Foraging for salmonberries has become a favorite late spring throughout summer treat. The plan is the same every year, harvest enough to make jam and freeze some berries to make pies and cobbler during the cold months of winter. Each and every year we try to beat the bears and birds to them. Each and every year we tend to lose the race, but NOT this year!
The race begins when these beautiful magenta flowers start showing through the dense forest, which is also a sign that the bears will soon be waking, announcing that harvest season is just around the corner. If we are lucky we are able to harvest between the months of May to August, but like I said, there is a fight for the berries, and whoever gets to them first receives the prize. Unlike their cousin the raspberry, salmonberries grow under the canopy of the forest, needing very little sunlight to produce this sweet little berry. They grow prolifically from Alaska down through parts of California and the only thing we have found to stop them from spreading is a herd of hungry goats!
Unlike the typical berry the salmonberry, when ripe, can be either yellow, orange or red, and should easily pull off the cane when picked. The berries have many uses and I am sure that there are ways that we have yet to try, but our favorite method is to make jam, freeze the berries for later use, or to make a delicious vinegar dressing using kombucha that has become to vinegary to drink. This year we will be adding the berries as a second ferment for our kombucha. The young spring shoots can be eaten when cooked (sauteed or stir fry is fabulous) or simply serve them fresh in a veggie tray. The flowers are also edible and can be used in salads, or simply cut a stem for a beautiful flower arrangement. Now, if you are interested in making wine (my husband stated I needed to add this) here is a recipe that sounds good – salmonberry wine. If anyone has a tried and true recipe, please send it to us, we would be VERY grateful!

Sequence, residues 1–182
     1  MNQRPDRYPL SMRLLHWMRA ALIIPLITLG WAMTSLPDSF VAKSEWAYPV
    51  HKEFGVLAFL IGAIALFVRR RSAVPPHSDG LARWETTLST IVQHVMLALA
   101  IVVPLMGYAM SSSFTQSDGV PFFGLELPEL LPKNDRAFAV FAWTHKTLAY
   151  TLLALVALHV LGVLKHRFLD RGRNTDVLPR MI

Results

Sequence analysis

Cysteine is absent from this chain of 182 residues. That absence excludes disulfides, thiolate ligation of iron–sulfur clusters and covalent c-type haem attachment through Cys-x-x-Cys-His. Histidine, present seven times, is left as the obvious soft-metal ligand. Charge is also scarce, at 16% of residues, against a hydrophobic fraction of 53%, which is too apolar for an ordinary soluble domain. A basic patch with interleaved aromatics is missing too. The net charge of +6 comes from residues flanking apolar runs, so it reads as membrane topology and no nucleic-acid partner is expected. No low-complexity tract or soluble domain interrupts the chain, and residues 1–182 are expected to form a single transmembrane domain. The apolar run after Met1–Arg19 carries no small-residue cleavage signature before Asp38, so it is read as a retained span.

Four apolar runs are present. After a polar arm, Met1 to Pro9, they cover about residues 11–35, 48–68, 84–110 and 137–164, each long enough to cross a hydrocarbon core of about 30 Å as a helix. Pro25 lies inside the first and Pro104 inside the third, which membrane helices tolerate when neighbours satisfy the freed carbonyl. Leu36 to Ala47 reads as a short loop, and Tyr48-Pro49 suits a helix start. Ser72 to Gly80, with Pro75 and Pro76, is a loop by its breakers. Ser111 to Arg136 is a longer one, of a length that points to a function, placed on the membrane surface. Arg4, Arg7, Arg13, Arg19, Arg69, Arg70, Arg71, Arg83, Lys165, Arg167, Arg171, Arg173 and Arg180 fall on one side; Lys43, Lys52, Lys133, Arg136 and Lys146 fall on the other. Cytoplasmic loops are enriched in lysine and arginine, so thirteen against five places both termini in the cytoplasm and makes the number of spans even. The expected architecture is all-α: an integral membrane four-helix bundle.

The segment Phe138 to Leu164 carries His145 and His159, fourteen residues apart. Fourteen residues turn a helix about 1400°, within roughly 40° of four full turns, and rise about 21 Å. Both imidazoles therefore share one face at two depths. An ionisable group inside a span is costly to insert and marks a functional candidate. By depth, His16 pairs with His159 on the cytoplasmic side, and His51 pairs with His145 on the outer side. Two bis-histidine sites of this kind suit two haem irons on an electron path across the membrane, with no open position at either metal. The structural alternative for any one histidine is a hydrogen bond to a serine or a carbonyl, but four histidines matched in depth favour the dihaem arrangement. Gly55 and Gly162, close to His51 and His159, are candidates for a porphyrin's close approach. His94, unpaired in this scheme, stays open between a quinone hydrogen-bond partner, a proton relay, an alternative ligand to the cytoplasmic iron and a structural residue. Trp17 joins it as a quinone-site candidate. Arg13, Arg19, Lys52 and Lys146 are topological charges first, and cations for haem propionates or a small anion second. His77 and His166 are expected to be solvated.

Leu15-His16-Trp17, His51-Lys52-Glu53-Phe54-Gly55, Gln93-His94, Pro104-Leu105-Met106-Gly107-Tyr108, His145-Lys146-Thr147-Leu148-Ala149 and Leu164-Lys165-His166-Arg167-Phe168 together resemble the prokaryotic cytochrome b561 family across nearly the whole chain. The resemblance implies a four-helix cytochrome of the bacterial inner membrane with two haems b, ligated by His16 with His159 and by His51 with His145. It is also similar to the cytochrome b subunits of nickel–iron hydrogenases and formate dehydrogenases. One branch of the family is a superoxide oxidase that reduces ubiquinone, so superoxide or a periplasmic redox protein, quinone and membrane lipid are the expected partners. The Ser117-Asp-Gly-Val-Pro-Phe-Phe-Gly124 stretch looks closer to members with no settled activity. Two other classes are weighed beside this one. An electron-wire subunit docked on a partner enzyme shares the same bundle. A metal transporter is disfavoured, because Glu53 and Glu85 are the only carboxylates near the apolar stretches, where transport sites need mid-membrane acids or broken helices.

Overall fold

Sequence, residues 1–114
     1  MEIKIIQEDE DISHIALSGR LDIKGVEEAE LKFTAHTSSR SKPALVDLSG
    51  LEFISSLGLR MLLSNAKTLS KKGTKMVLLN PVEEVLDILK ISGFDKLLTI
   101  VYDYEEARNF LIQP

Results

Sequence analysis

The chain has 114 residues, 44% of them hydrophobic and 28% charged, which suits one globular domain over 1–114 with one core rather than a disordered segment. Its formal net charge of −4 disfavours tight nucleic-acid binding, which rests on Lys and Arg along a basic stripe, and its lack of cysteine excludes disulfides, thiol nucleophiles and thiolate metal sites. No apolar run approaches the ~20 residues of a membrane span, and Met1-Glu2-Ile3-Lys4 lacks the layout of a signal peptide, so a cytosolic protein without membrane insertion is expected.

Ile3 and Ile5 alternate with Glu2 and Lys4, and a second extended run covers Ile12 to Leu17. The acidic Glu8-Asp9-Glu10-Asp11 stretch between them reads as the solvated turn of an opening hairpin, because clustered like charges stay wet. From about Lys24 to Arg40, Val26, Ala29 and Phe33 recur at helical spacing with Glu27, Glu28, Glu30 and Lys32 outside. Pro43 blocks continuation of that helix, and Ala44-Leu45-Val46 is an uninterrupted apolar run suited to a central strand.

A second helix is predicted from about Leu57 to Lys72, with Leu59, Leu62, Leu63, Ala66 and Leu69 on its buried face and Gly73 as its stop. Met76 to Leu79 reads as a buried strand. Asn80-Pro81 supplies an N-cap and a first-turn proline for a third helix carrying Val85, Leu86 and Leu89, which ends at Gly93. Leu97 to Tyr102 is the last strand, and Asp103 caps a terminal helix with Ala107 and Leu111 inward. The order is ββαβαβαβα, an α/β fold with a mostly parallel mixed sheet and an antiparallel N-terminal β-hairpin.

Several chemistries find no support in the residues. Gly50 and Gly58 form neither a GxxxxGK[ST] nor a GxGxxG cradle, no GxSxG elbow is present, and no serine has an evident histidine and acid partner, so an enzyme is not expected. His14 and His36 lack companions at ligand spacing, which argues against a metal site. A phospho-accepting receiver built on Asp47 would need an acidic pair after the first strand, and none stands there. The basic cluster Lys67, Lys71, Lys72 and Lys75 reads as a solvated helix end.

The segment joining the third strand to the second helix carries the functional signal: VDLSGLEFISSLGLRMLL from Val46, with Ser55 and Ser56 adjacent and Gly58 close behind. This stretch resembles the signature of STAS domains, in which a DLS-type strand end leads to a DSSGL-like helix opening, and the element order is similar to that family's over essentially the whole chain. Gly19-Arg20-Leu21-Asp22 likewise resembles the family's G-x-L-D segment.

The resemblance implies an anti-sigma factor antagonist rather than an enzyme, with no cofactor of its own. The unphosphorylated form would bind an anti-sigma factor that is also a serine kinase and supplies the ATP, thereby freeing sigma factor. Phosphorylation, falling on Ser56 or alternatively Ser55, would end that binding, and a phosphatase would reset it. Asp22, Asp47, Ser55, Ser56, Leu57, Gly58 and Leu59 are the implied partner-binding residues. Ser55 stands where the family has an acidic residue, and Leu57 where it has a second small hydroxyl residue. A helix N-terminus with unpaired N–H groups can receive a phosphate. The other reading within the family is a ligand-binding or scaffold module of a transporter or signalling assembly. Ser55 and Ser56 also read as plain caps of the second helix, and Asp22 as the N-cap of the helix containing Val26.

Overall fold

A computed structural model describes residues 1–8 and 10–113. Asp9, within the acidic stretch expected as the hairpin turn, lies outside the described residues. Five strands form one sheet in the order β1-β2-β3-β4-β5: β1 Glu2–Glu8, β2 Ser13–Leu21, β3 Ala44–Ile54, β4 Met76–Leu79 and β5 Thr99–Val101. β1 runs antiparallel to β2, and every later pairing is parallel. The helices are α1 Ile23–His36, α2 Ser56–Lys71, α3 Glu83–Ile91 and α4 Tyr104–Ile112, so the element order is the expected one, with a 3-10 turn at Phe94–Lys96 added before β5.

I am just beginning to learn the medicinal purposes for the leaves and bark, but in my research I discovered that the leaves can be used in herbal teas; just make sure to use them fresh or completely dried. The wilted leaves can be toxic…make sure to dry them very well! Earlier settlers used salmonberry root and bark to cure intestinal ailments due to the over consumption of salmon, and the bark was pounded and applied to aching teeth to relieve pain ~ I will be personally testing this last part; I have a tooth which the root has become exposed and I am looking for something to ease the pain! The bark can also be used as a poultice for treating wounds and burns. If you would like a little pampering, use the leaves and bark in a facial steam for oily skin, or add the leaves for an herbal bath, you can also boil the leaves and use the liquid as a hair rinse.
Scoby for kombucha
Steam Canner for canning high acidic items such as jams, jellies, and pickled items